US CFPB Stokes Flames Of New York Versus Citibank Wire Transfer Case

June 7, 2024
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The Consumer Financial Protection Bureau (CFPB) has issued a statement that suggests that the Electronic Fund Transfer Act should apply in the case of New York v Citibank, provoking an immediate industry backlash from advocates in the banking and payments industries.

The Consumer Financial Protection Bureau (CFPB) has issued a statement that suggests that the Electronic Fund Transfer Act (EFTA) should apply in the case of New York v Citibank, provoking an immediate industry backlash from advocates in the banking and payments industries. 

Citibank has been taken to court for allegedly failing to respond to customers that claim fraudulent wire transfers have been made. 

The EFTA has exemptions in place for wire transfers, but the CFPB does not think they apply in this instance. 

On Wednesday May 29, the bureau stated that the act applies when “banks connect the capability to initiate wire transfers to a consumer-facing banking platform”, and that the exclusion to the rule for wire transfers is only applicable for bank-to-bank transfers and not consumer-facing online banking platforms, as Citibank argued. 

New York filed a case against Citibank that suggests the bank did not address customers' reports of scam artists initiating unauthorised wire transfers from their bank accounts on online platforms. The CFPB statement means it believes the case should be under EFTA jurisdiction and not the Uniform Commercial Code (UCC), which would normally apply to wire transfers but is less robust.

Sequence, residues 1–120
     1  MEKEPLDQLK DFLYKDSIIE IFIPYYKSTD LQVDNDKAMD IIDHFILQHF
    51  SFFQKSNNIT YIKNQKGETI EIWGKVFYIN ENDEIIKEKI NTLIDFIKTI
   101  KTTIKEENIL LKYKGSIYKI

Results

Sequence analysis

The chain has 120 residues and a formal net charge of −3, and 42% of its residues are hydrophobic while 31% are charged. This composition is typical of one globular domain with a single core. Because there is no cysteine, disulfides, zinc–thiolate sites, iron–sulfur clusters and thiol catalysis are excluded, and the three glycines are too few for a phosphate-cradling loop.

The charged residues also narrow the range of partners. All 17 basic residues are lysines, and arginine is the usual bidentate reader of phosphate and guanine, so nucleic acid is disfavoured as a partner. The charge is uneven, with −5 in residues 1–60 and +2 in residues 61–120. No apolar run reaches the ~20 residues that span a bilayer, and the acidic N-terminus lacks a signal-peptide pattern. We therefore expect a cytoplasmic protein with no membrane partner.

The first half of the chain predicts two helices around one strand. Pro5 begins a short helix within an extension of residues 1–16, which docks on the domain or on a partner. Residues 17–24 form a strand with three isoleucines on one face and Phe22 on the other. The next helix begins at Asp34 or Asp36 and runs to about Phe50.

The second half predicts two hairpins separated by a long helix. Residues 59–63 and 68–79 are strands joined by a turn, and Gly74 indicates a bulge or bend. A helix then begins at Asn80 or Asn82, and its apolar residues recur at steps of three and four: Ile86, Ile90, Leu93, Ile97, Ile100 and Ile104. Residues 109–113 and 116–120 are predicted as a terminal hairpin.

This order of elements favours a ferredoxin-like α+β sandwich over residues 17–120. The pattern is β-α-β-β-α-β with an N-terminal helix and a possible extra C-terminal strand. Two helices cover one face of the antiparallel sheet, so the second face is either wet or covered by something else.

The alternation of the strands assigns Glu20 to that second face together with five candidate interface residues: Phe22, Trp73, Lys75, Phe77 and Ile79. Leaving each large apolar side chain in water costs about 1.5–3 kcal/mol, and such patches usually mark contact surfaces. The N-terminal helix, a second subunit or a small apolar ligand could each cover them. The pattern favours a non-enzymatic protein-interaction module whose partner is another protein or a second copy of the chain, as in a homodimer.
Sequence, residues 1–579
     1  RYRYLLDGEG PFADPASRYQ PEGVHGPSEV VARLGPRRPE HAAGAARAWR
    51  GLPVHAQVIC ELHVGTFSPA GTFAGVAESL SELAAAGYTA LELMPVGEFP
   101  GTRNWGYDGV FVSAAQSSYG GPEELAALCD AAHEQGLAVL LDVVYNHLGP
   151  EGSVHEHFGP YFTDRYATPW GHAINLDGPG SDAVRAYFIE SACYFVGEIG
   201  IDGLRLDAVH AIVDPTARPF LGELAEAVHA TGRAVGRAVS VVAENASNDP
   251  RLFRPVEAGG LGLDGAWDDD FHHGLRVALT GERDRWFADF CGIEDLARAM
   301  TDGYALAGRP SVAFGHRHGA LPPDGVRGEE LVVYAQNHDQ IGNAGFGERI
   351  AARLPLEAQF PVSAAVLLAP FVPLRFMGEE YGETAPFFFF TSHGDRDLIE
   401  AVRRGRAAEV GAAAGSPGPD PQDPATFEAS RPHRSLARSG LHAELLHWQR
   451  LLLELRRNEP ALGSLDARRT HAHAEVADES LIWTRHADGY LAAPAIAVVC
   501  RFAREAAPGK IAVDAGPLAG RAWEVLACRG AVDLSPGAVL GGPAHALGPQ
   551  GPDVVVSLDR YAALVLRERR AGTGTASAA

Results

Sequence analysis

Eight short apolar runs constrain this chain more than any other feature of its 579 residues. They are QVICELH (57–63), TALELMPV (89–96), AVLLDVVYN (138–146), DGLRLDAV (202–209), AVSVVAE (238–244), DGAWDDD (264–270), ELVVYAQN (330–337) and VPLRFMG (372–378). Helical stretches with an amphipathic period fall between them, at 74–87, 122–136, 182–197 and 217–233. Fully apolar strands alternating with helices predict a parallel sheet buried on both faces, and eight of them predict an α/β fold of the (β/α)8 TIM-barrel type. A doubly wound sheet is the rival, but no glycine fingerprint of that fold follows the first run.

In a memo published the same day, CFPB general counsel wrote: “When a bank connects wire transfer capabilities to its online consumer banking platform and a person authorizes (or a scammer purports to authorize) a transfer online, the Electronic Fund Transfer Act applies to the transaction except for the bank-to-bank portion of it.”

The position faced an immediate response from the industry, however. The American Bankers Association, the Bank Policy Institute, the New York Bankers Association and The Clearing House Association responded the following day, arguing that “this is not what the law says”. 

“The EFTA expressly does not apply to wire transfers, which are governed instead by Article 4A of the Uniform Commercial Code (UCC),” they wrote in a joint statement. 

“The CFPB has the law wrong here: Wire transfers are excluded from the Electronic Fund Transfer Act. The CFPB cannot reinterpret a statute and reverse decades of settled law in an amicus brief and then use a blog post to suggest that its position is the law. The Bureau is supposed to be educating consumers, not confusing them.” 

Jonathan Frost, a fraud and cybercrime consultant and board member of the Stop Scams Alliance, told Vixio that the CFPB had taken the right action; however, pointing to disparities between the US and the laws of the United Kingdom. 

“Litigation shouldn’t be the default path to regulation in any jurisdiction,” he said. “As the UK moves toward the universal reimbursement of authorised fraud, it is ironic that US consumers are still fighting for reimbursement of unauthorised payments.

“The CFPB has rightly pointed out an intrinsic contradiction in the position adopted by US Banks.”

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